I had filmed with one of these cams time before, but the setup for shooting in 3D was quite different. There were numerous checks to be made prior to each shot. The cameras are first mounted on a slide bar, something like a tripod plate that holds 2 cameras at adjustable distances from each other. The minimum I tested on my shoot was on 72mm centers, just wider than the 65mm typical of adult human ocular spread. For long vista shots I tested the maximum slide bar width, 104mm. Identical camera settings needed to be checked and set, over and over. Zoom off.
My concern prior to a shoot is that both cameras attached to the slide bar are squared and not slightly skewed. This is one way to avoid disparity errors such as double images and misalignments. Making sure my camera lenses are squared off also results in more comfortable viewing, and a natural 3D depth, just like looking through a window.
After I manually start each camera (the HV-30 lacks remote LANC triggers), I use a simple thumb cricket clicker, which I will later use as a guide to help sync the two tracks during the edit in FCP.
I expected to fill 20 hours of mini DV tapes in the mountains of Colorado, 10 hours total for each mono side of the stereo files. I hoped to see positive results, but as of this writing, I have not found a monitor or software that I can use to display stereoscopic shooting in the field. There was no way to know how this would turn out until I got back to Ohio.
The process after shooting is simple. I align and trim each corresponding stereo video channel, and, after the edit, each is separately rendered as a .mov file. (I'm still testing, but am presently using H.264.)
The Foundry's Nuke is a compositing application that imports and joins the files, then renders them as a stereo "anaglyph," a movie with two color layers whose offset creates the effect of depth...if all goes well.
I wear my 3D glasses when joining the files in Nuke, and again when editing the composited anaglyph file back in FCP. I wind up putting the glasses on and taking them off a lot.
Editing an anaglyph works just as it does for any other video file, except for some specific attention to 3D stereoscopic motion and correct orientation between cuts. Scenes on either side of an edit must balance in such a way that the audience is not pulled out of the 3D illusion. The resulting attention erroneously becomes placed on "3D effects," rather than "3D story."
This is why telling the perfect 3D story requires "Depth Grading" to manage the internal depth of the scene.
One aspect of this is "depth matching," so that the viewer's eyes are not forced to change their focal plane from shot to shot. You might have experienced this difficult transition while driving, by looking back and forth from your dashboard to the horizon. It takes time for the eye to settle, which is why edits that require rapid visual re-convergence are unpleasant for an audience to watch.
"Scene ramping" is another aspect of depth grading: changing an object's or shot's stereo distance gradually, so that the viewer's visual convergence on one shot picks up where changes to the previous shot have left off.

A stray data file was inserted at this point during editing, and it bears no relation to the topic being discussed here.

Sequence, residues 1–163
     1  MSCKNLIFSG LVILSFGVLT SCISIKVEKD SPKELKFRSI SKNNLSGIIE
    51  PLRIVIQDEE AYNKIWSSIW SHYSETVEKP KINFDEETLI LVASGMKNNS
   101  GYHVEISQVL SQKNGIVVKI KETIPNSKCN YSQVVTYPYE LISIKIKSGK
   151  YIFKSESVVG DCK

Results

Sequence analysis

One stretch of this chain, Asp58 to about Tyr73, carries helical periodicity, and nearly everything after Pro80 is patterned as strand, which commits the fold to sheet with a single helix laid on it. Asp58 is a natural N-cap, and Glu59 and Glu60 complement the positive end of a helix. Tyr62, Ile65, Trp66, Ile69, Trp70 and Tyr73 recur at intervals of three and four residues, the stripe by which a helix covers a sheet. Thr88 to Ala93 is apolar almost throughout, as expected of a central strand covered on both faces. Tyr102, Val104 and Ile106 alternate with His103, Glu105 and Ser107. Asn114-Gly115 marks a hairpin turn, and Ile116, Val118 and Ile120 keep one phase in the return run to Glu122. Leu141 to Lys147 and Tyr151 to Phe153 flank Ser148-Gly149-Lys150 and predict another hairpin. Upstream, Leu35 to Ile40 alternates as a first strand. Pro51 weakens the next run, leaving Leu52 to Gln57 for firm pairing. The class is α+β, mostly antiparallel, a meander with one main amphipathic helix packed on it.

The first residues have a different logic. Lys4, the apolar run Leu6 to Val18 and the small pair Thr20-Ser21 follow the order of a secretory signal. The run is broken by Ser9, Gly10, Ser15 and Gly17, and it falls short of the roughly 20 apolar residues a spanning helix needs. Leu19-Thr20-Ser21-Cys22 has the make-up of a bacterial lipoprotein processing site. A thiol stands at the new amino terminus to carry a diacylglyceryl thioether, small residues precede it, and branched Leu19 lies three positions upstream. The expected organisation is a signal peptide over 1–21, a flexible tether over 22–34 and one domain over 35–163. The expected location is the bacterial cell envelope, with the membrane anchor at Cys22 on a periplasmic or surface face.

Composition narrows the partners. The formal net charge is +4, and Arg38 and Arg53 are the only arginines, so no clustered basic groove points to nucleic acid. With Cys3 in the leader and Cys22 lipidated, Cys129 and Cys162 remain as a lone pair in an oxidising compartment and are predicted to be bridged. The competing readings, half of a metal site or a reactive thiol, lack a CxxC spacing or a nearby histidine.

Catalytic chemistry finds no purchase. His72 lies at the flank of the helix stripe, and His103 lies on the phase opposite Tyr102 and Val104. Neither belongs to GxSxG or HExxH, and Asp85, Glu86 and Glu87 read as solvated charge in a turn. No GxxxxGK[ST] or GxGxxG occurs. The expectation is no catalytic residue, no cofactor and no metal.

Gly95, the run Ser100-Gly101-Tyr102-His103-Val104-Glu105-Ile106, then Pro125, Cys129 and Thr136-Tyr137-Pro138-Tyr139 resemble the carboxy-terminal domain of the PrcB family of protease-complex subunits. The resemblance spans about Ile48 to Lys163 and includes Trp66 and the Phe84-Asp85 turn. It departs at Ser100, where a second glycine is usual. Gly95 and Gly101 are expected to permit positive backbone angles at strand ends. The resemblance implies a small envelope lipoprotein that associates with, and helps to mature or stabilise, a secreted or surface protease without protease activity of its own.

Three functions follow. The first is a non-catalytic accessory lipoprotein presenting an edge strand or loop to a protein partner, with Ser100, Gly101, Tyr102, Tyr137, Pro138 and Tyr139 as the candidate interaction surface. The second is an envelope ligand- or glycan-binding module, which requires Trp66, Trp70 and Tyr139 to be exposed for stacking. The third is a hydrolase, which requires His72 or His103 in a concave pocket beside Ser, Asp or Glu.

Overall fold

Nuke is an excellent compositing program, which I use to join stereoscopic files, correct for lens barrel distortions in the wide angle lenses, and adjust speed as much as -50%, among other things. However, the depth grading features are what make Nuke such a great choice for working with stereoscopic images.
A new set of Nuke plug-ins called Ocula has become available to work even more specifically with stereoscopic 3D.
For example, vertical disparities will sometimes present themselves. Those stereo images will have severe ghosting and will not focus into one clear image when combined into a stereo anaglyph image. Ocula can address this, not just with a simple Y-position shift, but by rebuilding frames to compensate for keystoning and other errors.
I'm especially interested in the 3D paint and roto features in Ocula that allow treatments for one eye to be automatically mapped to the other. I've had wonderful results using Synthetik Studio Artist to roto/paint HD frames in 2D so far, but the video tracks for each eye must be treated separately.
Ocula presents a small problem for some 3D stereographers: it is priced at $10,000. I'm primarily a writer/ director, now beginning as a producer. I've learned the compositing programs well enough to know when it's time for me to contract with specialists to help with vertical disparity issues in particular – which I've now done.
I still sometimes shoot landscapes, but I'm now curious about dramatic performance in 3D. That search has taken me to a little village on the east side of Cleveland, Ohio, with small retail shops, restaurants and one Method Acting school, run by owner-teacher Jessica Houde. I'm now filming young actors in 3D as they train and develop. These 20–30 year old students convey tons of emotion for me to capture.
Filming 3D dramatic action has a whole set of considerations not found in stereoscopic landscape filming. I initially filmed the actors in HDV at 1420x1080/30, which had worked well for stationary nature scenes. But motion artifacts in filming the actors became a considerable problem, often confusing to diagnose